claim adjudication

Family role changes

Loss of support

structures

Marital stress

Marital breakup

study objectives hypotheses
Study Objectives/Hypotheses
  • Individuals with a workplace accident resulting in permanent impairment are more likely to have a marital breakup than individuals without a workplace injury.
  • Assume that several other characteristics are associated with the probability of marital breakup:
      • gender
      • age at time of injury
      • age difference between the couple
      • number of children in the family
      • household income
      • change in earnings of the injured worker before and after accident
  • After controlling for above characteristics, individuals with permanent impairments are still more likely to have a marital breakup.
sample frame and data source
Sample Frame and Data Source
  • two samples of long-term disability claimants used— one WorkSafeBC and another from WSIB
  • sample of injuries occurring between 1990-1994
  • linked samples with benefits information to the Longitudinal Administrative Databank (LAD)
  • LAD is 20% simple random sample of tax filing Canadian population
    • begins in 1982 and continues through to most recent tax years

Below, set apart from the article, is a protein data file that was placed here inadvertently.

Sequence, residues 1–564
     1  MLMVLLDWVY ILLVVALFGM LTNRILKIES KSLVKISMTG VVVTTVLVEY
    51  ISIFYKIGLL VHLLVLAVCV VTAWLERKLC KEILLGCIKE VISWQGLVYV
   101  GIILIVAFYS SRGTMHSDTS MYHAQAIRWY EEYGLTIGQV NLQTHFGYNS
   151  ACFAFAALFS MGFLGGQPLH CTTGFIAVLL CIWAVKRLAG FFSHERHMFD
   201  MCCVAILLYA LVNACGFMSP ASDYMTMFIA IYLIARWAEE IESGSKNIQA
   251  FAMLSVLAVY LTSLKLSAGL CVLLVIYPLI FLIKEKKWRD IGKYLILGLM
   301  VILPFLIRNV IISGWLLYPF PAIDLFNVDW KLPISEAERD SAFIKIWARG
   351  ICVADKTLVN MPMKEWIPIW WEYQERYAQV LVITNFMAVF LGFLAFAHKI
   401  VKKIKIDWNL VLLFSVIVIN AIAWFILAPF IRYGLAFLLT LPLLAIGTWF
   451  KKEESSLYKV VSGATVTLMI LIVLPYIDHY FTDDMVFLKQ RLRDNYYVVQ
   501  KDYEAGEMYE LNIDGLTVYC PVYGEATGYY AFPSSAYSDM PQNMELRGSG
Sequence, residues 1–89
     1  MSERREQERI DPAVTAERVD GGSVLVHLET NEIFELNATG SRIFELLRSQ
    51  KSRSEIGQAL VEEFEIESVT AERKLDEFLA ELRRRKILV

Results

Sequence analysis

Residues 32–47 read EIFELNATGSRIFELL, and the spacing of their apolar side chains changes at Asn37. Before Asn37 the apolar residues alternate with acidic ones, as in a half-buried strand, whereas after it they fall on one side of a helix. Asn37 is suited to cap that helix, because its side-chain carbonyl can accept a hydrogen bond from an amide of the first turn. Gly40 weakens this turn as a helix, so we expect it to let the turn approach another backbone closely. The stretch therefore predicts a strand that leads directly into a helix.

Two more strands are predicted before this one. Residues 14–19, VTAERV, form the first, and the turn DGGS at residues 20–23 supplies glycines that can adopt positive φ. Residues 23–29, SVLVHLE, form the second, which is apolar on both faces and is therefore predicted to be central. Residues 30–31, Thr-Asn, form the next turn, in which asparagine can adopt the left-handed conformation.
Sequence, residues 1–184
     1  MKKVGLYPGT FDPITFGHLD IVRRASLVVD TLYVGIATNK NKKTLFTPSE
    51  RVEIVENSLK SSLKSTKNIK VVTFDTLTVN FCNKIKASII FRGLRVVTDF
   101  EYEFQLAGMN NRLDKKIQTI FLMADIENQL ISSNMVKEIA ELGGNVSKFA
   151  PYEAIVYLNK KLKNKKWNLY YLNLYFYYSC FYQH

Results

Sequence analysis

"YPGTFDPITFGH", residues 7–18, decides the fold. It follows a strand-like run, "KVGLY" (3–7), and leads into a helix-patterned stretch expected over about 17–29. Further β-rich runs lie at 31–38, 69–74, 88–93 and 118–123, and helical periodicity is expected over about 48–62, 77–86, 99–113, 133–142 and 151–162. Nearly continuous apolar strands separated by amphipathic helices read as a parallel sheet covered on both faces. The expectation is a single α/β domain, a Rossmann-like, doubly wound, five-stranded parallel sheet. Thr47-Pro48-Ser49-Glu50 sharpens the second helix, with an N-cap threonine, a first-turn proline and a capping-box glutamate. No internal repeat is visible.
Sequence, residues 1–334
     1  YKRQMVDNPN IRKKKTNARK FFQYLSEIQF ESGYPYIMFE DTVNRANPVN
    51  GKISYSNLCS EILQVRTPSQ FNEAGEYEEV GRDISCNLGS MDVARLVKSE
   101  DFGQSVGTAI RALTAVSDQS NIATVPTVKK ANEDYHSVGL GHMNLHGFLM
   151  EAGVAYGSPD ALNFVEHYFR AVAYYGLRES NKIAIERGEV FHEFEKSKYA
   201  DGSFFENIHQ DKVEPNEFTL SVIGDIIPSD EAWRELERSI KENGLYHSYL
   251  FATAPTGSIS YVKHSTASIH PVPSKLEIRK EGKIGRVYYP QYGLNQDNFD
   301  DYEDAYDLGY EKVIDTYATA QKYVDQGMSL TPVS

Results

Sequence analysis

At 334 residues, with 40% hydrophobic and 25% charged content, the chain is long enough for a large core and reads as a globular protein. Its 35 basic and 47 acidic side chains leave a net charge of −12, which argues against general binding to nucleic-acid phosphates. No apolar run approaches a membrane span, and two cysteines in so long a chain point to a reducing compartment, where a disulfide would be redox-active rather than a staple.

• contains data on earnings amounts by category
    • includes individual and census family data
  • linkage enabled us to follow families over many years
methods
Methods
  • for each claimant we identified several uninjured workers with the same characteristics
  • characteristics used to match injured and uninjured workers:
    • married, gender, presence of children, age, labour-market income prior to accident, ratio of own income to family income
  • we ran statistical models with injured and uninjured workers to test the probability of marital breakup in each year post accident
  • key variable—worker has/does not have a permanent impairment due to a workplace accident
  • included other characteristics hypothesized to be related to marital breakup
findings
permanently impaired workers are between 22% to 25% more likely to break up than uninjured workers

factors that decrease probability of breakup:

older age

having more children under 16

married for many years

higher family income

husband much older (for females)

factors that increase probability of breakup:

wife much younger (for males)

rural residence (for males in Ontario)

becoming the principal income earner

losing the role of principal income earner (for men in Ontario)

Findings
discussion
Discussion
  • many social consequences of work injury that are not addressed by the workers’ compensation system
  • stress and strain from work injury and permanent impairment can have substantial impact on injured workers and their families
  • our study suggests that there is approximately a 25% increased probability of breakup for these individuals
  • need services for workers and their families that better prepare them for coping with stress and strain
    • counselling, support services, life course planning
  • more research on the nature of consequences provide insight into how best to design services
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THANK YOU!

Emile Tompa

Institute for Work & Health

416-927-2027 ext 2113

[email protected]